Degrees should be players’ priority

I don’t know exactly what it was.

Maybe it was my upbringing. As a child, my father, an avid reader, required me to read black history books such as the “Autobiography of Malcolm X” and “Soul on Ice,” by Eldridge Cleaver.

Maybe it was the nearly four years I have spent at FAMU. Everybody, whether they want to admit it or not, becomes a little pro-black on their way to becoming a professional while on the Hill.

Regardless of what it was, as I sat in the Leon County Civic Center on Nov. 21, I started stewing.

I was there to watch my homeboy Alleo Frazier, starting point guard for fellow HBCU, Alcorn State University, play college ball live for the first time against FSU.

I could feel it building up inside me. It was that silent anger.

The whole scene just didn’t sit right with me. Watching from the stands, I was reminded of a line from west coast emcee Ras Kass’ song “Uni-4-Orm”.

“Record industry rule numbers one, two, and three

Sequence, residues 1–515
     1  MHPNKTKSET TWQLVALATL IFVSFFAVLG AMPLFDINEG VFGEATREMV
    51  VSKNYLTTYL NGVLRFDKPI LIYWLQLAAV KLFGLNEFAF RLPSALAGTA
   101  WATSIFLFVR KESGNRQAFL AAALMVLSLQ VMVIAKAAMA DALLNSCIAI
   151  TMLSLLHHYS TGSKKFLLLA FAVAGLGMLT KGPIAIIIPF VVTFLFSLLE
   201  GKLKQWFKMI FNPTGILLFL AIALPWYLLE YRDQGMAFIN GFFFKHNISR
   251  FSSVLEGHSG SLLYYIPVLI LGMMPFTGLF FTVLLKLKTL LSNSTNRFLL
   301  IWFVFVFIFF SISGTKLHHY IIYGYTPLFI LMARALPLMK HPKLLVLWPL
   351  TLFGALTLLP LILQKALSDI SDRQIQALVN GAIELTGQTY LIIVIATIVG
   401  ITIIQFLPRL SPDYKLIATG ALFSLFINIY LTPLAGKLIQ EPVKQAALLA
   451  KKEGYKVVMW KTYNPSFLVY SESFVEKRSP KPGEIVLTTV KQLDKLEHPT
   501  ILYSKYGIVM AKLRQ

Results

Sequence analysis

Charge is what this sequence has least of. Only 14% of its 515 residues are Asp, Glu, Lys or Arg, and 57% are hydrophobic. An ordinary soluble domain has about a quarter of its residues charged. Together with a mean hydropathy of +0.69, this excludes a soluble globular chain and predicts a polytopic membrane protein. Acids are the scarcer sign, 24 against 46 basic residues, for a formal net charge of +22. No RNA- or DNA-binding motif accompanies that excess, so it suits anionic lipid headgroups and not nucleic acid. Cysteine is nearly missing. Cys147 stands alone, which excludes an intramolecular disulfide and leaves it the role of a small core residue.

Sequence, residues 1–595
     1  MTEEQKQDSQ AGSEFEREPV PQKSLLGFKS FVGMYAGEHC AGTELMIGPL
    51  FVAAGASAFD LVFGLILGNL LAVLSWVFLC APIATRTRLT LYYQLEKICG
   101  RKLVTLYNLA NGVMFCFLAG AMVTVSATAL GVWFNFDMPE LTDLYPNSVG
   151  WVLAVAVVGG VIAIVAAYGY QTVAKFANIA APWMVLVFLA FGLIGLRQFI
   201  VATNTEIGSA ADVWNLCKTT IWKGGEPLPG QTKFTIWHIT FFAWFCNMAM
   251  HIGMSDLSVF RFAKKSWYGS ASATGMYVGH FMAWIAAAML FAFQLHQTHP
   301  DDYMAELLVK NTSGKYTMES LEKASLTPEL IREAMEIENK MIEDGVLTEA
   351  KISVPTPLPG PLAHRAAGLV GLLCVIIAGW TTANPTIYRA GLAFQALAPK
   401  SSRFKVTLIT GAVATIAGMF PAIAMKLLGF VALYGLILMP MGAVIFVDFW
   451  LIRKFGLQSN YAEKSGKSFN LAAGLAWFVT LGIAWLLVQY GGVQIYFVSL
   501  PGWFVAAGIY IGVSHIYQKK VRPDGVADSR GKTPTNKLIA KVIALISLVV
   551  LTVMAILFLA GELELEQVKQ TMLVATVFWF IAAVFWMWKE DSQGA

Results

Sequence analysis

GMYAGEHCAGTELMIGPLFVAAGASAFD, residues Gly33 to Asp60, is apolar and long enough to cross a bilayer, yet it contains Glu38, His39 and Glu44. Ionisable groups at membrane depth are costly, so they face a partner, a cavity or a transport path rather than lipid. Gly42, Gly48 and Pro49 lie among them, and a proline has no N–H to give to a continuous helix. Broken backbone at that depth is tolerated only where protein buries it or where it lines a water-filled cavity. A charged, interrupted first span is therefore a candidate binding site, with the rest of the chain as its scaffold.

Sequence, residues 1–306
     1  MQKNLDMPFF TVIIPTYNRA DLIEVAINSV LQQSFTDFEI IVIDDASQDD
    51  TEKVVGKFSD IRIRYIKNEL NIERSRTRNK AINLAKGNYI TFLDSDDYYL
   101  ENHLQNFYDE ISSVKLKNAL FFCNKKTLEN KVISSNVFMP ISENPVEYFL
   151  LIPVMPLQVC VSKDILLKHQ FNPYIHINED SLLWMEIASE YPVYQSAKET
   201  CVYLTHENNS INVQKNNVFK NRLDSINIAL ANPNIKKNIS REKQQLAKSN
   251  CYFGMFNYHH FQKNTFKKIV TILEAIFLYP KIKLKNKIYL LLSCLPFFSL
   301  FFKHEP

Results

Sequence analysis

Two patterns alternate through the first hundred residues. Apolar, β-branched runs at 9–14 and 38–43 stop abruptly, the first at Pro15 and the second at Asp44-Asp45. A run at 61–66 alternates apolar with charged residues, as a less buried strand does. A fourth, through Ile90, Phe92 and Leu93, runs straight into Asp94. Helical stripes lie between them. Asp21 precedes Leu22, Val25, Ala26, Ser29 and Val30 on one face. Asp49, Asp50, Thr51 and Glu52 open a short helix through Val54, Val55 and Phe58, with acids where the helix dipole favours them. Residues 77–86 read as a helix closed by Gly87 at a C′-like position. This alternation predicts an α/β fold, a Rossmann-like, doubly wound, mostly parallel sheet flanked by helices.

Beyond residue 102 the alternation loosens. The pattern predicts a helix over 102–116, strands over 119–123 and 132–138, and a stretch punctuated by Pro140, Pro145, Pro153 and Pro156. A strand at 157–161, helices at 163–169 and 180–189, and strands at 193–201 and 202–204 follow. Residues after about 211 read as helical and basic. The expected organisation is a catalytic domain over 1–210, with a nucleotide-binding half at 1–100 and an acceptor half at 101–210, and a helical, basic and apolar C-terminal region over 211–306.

Jews run it,

Ni***s run around in it,

Believe me.”

Minus the anti-Semitism, I couldn’t help but feel his sentiment. The same theory applies to the business of major intercollegiate athletics.

Conceal your intentions is the third law in Robert Greene and Joost Elffer’s book “The 48 Laws of Power.”

By the time the chiseled brothers representing the school down the street realize they’ve been getting the wool pulled over their eyes, it will probably be too late.

It was the cheering that set it off for me. The unadulterated adoration of the home fans for their team and their relentless heckling of the kids from the poor, little black school made my stomach turn.

Draped in garnet and gold from head-to-toe, a woman behind me supported the Seminoles verbally throughout the contest. “Jam it right down there throats,” she yelled. “Take it to ’em.”

To me it sounded like she was rooting for the system. To her, she was just supporting her “boys.”

I wonder if she knows if any of them are on pace to graduate. I wonder if she cares.

You know how the game ended. The bigger, stronger, (better) Seminoles bullied their way to an 85-67 victory over the Braves.

After watching, I was reminded of a quote from Ceelo: “In order for a capilitalistic society to be successful,” he said, “someone has to be capitalized on.”

I wasn’t worried about my friend. He’s going to graduate summa cum laude with a degree in computer science this spring. I hope the same can be said for the seniors on the Seminoles’ squad.

Like my boy James always says, “Don’t be an idiot your whole life.”

Run tell that.

Nicholas Birdsong is a senior newspaper journalism student from Tampa. Contact him at